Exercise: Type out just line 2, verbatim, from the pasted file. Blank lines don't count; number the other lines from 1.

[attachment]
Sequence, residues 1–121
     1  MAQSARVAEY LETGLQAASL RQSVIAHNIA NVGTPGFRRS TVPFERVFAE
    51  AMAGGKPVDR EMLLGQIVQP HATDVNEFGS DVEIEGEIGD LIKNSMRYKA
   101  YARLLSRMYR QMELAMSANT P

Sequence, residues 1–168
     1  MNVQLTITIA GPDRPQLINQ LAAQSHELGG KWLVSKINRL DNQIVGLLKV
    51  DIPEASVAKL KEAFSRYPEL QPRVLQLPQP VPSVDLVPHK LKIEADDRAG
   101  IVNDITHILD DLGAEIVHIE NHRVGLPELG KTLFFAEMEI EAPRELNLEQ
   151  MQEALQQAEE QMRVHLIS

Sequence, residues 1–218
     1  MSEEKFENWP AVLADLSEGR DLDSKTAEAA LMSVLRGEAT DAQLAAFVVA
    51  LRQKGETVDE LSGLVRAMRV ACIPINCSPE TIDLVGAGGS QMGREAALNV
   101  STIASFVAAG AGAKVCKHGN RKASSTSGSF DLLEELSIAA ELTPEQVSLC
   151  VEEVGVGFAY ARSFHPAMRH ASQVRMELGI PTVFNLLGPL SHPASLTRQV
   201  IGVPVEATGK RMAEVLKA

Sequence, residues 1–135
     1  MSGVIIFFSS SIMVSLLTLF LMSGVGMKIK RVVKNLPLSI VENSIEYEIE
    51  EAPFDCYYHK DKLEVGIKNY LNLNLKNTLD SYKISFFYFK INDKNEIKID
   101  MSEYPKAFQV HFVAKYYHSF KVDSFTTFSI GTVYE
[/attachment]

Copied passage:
     1  MAQSARVAEY LETGLQAASL RQSVIAHNIA NVGTPGFRRS TVPFERVFAE